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Star Eco Station

Written By: Scot Butwell - Feb• 15•17

eco 1

This was a lot different than the Pet Store.

Instead of seeing the usual dogs, cats, fish, crickets, hamsters and guinea pigs, we saw an alligator, two foxes, a 100-pound boa constrictor, and an assortment of reptiles and birds rescued from human traffickers by the U.S. Fish and Game Department.

This was Star Eco Station, and my favorite part was when D said, Hey Boss, and beckoned to me with his hand to come over to where he was, and I was torn between staying with the tour or responding to D’s overture.

He was one room ahead of us–just five feet way– but it felt like the Bubble Room scene from Willie Wonka and the Chocolate Factory when Grandpa Joe and Charlie drink the “Fizzy Lifting” drink and float up toward a giant steel fan.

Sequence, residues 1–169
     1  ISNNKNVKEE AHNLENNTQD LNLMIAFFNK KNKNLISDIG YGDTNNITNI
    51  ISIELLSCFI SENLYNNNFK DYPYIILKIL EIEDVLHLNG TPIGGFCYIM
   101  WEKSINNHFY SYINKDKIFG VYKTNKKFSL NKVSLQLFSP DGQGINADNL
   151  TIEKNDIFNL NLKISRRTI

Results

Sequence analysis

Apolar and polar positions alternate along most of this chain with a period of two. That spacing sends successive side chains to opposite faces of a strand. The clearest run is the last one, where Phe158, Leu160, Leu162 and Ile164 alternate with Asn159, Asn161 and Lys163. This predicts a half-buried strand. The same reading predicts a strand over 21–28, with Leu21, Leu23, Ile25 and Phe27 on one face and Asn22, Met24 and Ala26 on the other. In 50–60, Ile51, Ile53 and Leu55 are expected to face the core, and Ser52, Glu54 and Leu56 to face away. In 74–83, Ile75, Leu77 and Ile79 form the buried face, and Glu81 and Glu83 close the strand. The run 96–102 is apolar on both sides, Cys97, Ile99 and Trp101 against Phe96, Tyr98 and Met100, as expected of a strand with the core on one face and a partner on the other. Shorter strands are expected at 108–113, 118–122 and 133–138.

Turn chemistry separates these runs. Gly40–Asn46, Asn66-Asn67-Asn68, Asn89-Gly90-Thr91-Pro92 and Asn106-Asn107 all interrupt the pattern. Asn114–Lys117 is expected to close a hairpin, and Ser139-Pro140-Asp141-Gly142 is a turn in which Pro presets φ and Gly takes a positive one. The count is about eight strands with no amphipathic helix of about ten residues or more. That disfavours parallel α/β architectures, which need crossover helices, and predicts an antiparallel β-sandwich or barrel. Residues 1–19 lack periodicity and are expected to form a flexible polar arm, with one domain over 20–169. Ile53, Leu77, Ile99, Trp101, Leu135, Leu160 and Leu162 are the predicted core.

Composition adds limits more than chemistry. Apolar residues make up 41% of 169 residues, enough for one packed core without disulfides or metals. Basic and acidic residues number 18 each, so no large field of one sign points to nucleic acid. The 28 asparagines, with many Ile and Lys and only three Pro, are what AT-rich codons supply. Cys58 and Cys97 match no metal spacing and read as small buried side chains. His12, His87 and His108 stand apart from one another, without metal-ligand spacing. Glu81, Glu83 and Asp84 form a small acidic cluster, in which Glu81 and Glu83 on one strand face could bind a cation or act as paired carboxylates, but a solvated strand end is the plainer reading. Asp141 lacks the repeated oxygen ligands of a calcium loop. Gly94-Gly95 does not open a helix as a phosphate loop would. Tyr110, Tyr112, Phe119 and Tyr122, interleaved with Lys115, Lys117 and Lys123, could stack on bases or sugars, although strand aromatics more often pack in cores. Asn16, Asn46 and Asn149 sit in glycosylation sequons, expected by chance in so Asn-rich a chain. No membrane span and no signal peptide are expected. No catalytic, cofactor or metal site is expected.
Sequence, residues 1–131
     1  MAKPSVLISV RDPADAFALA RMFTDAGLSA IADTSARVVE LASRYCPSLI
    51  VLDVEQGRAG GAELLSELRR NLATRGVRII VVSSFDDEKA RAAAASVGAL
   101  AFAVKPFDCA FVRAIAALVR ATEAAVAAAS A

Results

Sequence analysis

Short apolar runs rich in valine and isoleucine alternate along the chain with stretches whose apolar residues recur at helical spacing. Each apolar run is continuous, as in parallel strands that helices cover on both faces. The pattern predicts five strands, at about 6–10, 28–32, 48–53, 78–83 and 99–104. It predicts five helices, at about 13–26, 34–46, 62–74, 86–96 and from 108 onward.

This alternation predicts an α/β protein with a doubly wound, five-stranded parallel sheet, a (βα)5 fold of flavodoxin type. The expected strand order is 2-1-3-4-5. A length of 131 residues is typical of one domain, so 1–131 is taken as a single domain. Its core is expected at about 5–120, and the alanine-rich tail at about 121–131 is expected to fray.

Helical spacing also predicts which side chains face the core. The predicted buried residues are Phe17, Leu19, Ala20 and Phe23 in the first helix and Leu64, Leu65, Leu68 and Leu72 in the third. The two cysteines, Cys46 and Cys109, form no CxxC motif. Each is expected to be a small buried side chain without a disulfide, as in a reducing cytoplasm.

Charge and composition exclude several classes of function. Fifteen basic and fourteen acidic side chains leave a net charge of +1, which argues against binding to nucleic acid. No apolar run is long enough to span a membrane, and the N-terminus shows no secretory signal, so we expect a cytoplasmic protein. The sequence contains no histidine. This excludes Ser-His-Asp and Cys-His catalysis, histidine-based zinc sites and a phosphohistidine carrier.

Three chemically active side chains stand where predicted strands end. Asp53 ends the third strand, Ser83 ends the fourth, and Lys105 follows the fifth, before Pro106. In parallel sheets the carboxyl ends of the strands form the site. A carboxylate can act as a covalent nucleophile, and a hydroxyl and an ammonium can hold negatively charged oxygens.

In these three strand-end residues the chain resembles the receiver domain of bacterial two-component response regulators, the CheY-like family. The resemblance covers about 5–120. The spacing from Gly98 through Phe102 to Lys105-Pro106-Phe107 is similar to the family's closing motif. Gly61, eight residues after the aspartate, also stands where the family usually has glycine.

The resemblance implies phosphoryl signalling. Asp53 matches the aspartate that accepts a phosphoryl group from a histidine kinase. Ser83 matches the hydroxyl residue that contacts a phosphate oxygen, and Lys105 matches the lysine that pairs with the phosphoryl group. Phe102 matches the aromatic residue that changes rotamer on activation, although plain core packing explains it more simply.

I was tempted to see what D had discovered, but the good citizen that I am, I stayed put and listened to our tour guide…and then saw what D found so exciting: Two foxes.

eco 2

One was a frisky grey and brown fox running around fast inside his cage, the other a black fox with a frightened countenance. Both were housed behind a chain link fence with a glass casing.

Every one of the exotic animals had a back story about how they were rescued, usually confiscated by the U.S. Fish and Wildlife services, and the foxes were probably no exception.

But my listening was distracted by my excitement at seeing the foxes–and trying to get a good photo–and I missed hearing how they ended up at the Star Eco Station.

However, here are a few of the back stories of how the animals ended up at the eco station:

Someone in Texas shipped ten baby alligators in a box to LAX.

eco 3

The 100-pound boa constrictor lived in 20 pounds of his own feces because the owner was too scared of him.

An exotic birds plucked out all of its chest feathers due to stress while being cast in a movie.

A huge turtle was found in a trash can at the airport.

I would like to say that D and I became more sensitive to the mistreatment of the animals. However, the truth is, I was too busy taking pictures to think much about the animals’ plight.